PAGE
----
I have a fundamentally tactical approach to science communication, which occasionally puts me at odds with more conventional practices. Some of the most common pieces of advice in scicomm tend to be the least effective for accurately and precisely communicating your message to a target audience.
Release the Kraken.
1. The J-Word.
Jargon. Jargon. Jargon. We’re all supposed to eradicate jargon from our outreach. Jargon should be avoided. We need to rehab our use of jargon. Hone your science writing by only using the ten hundred most common words (because ‘thousand’ isn’t among the top 1000 word). Sure, these are good exercises for thinking about how you communicate science, but as actual communication advice, it’s big animal that makes white drink back end drop.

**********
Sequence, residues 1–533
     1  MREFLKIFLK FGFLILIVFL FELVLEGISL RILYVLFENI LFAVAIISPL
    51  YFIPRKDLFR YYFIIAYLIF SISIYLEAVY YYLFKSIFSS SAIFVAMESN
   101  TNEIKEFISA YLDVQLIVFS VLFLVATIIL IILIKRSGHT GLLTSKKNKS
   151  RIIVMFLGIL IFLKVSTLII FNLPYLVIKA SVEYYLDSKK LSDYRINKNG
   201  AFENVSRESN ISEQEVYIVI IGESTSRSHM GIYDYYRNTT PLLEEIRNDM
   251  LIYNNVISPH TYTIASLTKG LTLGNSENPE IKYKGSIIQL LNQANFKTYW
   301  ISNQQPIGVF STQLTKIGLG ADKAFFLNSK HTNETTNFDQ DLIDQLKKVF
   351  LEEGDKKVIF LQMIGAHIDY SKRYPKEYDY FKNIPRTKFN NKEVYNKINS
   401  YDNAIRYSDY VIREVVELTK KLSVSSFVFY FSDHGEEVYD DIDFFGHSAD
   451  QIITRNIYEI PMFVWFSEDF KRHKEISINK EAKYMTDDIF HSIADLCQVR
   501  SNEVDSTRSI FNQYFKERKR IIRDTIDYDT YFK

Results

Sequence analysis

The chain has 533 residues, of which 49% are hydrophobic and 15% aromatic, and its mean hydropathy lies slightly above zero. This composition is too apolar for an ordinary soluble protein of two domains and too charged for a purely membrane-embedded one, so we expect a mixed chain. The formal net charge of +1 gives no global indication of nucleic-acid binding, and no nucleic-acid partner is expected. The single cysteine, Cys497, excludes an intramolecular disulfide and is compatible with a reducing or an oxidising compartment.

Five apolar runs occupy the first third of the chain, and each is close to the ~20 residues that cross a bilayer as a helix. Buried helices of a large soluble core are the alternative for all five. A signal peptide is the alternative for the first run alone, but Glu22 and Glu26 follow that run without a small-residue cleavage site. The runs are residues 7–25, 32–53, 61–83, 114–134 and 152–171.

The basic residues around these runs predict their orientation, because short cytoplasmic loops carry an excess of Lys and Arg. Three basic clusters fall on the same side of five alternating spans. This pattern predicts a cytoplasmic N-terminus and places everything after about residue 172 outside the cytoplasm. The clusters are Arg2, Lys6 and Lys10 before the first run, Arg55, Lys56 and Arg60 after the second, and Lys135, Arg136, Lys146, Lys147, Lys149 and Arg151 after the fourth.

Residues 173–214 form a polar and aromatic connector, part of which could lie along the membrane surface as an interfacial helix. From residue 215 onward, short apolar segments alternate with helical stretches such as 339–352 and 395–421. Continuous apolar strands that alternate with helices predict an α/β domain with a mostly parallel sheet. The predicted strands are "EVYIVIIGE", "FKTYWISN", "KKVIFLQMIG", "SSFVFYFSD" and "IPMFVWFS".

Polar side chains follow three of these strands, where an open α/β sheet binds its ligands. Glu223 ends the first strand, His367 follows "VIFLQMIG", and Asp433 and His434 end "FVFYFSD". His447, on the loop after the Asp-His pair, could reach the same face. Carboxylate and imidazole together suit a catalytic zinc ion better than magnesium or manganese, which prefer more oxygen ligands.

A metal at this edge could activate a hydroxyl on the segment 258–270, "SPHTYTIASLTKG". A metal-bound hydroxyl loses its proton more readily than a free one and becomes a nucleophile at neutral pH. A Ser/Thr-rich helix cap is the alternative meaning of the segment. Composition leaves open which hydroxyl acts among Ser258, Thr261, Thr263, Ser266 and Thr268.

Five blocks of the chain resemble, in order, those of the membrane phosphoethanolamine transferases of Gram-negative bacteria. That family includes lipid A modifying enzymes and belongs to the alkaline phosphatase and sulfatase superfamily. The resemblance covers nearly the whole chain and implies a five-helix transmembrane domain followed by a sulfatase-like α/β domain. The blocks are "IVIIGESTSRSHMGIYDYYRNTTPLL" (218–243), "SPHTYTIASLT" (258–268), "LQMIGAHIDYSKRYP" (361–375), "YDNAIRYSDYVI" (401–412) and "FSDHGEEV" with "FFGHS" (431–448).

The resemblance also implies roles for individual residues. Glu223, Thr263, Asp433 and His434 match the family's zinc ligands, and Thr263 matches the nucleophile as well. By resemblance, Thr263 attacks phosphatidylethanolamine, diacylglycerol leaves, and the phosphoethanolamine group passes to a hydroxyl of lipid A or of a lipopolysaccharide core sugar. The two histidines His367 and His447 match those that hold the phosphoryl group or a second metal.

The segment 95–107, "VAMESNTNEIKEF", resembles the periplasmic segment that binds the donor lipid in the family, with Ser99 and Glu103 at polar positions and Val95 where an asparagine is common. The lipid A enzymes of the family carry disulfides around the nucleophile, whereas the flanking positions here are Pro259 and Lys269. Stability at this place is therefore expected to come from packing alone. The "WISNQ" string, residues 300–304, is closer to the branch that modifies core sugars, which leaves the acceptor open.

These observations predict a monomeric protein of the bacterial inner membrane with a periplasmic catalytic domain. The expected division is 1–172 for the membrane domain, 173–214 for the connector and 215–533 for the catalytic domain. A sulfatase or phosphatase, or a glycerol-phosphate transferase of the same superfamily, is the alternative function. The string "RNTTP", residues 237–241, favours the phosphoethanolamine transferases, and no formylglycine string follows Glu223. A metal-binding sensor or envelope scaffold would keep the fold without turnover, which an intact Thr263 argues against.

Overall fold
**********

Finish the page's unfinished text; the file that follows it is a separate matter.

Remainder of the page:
Jargon is beautiful. Jargon is powerful. Not only are jargon words often more precise than their generic equivalent, but jargon acts as a form of shorthand. It tells your intended audience “hey, friend, this article/film/tweet/podcast is for you”. Outreach in all forms is always targeted towards a specific audience. Using jargon well helps define that audience and helps that audience connect to your piece. Smart use of jargon can make a good piece of outreach into a tactical piece of outreach.
Which is not to say that you shouldn’t think about jargon use at all. Understanding how different words are used in different contexts and how technical language can alienate non-specialist audiences is essential to producing high-quality outreach. But the general advice that we should all just avoid jargon the least effective approach possible.